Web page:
Navigating Technology With Our Kids in a Screen-Obsessed World

My oldest daughter got her first school locker at 5th grade orientation at the new middle school.  She nervously worked her combination and adjusted the books on her white locker shelf and added a mirror on the door. I’ll never forget the day four years ago—not because it was a big deal that she was growing up. Because it was. But I remember it more because of how grown up the other kids around her seemed.

The girl next to her had fake nails, hair highlights was wearing name brand clothes head-to-toe and had was going to take notes on a tablet. And at the locker below her, a girl was texting her boyfriend on her iPhone. It felt more like a scene from high school musical than the 5th grade.

little girl behind a tablet pc

I silently prayed I could keep my little girl little and we could navigate these adolescent years well. And we have so far.

When she asked for certain brands, we talked about budgets and saving and through the years she enjoyed a few. When she asked for a smart phone, we told her high school and thankfully, she hasn’t asked for fake nails or a boyfriend yet.

We recognized along the journey that some parents said yes sooner than we did and others said it later. And that’s okay. Because there’s not a perfect age or stage and we are all doing the best we can. I think it depends on what’s right for your family.

I’m not saying it was easy. It was just plain hard at times. I think my daughter must have asked for something we weren’t quite ready to give her a hundred times during those middle school years. We would remind her of our goal. The requests lessened in junior high.

That’s why surprising her a few days ago before she started high school with her own smart phone was a joy for all of us. She was shocked. But she was ready and the moment felt like victory for all of us.

Along with her phone we gave her this contract. It requires phone etiquette and usage rules and where and when it’s appropriate. We all signed it.

It’s just a matter of time before your child has the power of technology at their fingertips. Whether it’s a game system, a smart phone or a Kindle or a laptop, technology is more accessible than ever and it’s here to stay. Every parent reading this handles is differently.  It’s not a question of if, it’s a matter of when.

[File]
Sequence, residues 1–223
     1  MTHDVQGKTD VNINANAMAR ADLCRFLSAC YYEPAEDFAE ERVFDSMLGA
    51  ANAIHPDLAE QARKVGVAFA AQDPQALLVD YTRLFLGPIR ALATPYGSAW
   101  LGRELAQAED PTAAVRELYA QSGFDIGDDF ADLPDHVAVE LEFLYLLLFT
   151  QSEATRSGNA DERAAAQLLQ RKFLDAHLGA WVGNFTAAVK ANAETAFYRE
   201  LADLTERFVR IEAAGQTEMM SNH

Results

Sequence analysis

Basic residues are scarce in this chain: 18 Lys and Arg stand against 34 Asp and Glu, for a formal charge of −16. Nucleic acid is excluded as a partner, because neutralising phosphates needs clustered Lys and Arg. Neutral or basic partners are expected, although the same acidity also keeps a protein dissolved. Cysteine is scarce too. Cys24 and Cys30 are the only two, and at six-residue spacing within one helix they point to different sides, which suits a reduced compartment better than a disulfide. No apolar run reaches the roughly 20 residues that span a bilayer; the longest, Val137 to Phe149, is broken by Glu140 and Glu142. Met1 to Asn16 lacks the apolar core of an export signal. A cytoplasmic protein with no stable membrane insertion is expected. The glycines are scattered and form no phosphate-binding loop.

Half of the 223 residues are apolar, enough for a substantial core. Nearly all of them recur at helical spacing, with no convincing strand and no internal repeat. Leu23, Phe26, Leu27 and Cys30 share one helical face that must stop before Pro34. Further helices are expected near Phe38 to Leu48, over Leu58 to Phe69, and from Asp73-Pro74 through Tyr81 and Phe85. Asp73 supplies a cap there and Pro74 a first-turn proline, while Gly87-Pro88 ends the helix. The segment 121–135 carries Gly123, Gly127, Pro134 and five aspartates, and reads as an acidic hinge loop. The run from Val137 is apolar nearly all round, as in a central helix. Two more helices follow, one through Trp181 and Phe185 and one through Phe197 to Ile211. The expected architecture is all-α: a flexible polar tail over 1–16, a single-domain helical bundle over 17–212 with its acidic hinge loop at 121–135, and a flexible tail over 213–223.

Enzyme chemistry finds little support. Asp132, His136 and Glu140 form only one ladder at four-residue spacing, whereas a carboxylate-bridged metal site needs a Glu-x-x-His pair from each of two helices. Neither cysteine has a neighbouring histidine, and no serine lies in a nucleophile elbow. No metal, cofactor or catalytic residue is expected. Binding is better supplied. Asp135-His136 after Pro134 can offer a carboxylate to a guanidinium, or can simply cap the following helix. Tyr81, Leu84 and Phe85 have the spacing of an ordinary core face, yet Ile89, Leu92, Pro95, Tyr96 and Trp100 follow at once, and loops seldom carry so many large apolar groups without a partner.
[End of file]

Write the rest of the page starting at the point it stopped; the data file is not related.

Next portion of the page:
I love technology. It’s a huge part of my life and I certainly don’t want to rob my kids of the good things that it offers. But more than anything, I want them to understand the power it wields, the dangers that are a click away and make sure they are mature enough to handle it.

It’s a big subject that changes as fast as the next upgrade and it’s our job to not only monitor our kids, but to live by example.

Growing Up Social: Raising Relational Kids in a Screen-Driven World by Gary Chapman and Arlene Pellicane helped us with this decision. This summer I read (and endorsed) this important book and I can’t recommend it enough. It’s like curriculum for parents in our tech-savvy and screen-obsessed world and it released this week!

In my daughter’s cell phone contract, we asked that she wait on a Facebook account until she was older, but gave permission for an Instagram account. After a couple of days, she said, “Mom, I’m going to wait on that too. I don’t think I’m quite ready for it yet.”

And I knew we’d waited long enough. She was ready.

Today, I’m giving away two copies of Growing Up Social: Raising Relational Kids in a Screen-Driven World. Leave a comment if you’d like to win.


In Honor of The Real Labor Day

A couple of years on Labor Day, I shared the hardest labor I’ve ever done: Becoming a mom!

I thought I’d share my facts again and you can do the same in the comments.

We will give each other a virtual, sweaty high-five!

How long were your labors?

Kid #1, 12 hours

Kid #2, 10 hours

Kid #3, 8 hours

How did you know you were in labor?

Kid #1, 2 weeks late, induced due to begging.

Kid #2, 1 week early, induced due to threatening

Kid #3, 7 weeks early, emergency c-section, because I like to mix it up a little.

Where did you deliver?

In the safety and security of the hospital, where most patients with OCD deliver.

Drugs?

Yes, many and all kinds.

C-section?

On my last one, after 7-8 hours of laboring without dilation, I was rushed down the hall because the baby and I weren’t doing well. I’ve never been more afraid of a nurse with a razor!

Who delivered?

Kid #1- A nice midwife who sat on the end of my bed to ‘take a looksey’ broke the end of my bed–completely off—she went on to do a great job!

Kid #2- We moved when I was 8.5 months pregnant and a very reluctant doctor I only met once, delivered my son.  When she told me I was too far along to accept as a new patient, I burst into tears and said my hubby would have to do it.  She quickly changed her policy.

Kid #3- The best OB in Texas!  I love this woman.  I’m pretty sure she saved my daughter’s life!

How about you? What are your numbers?

Did you adopt? (how long did you wait? Those hours should win you a trophy!)

 

originally posted, Sept. 1, 2008




Saying Yes. Again.

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Four years ago we said yes to the improbable. The impossible. It seems like yesterday we sat down and planned out something we would call Mercy House. It seems like forever ago. 2011 "Several times over the course of the weekend, the … [Continue reading]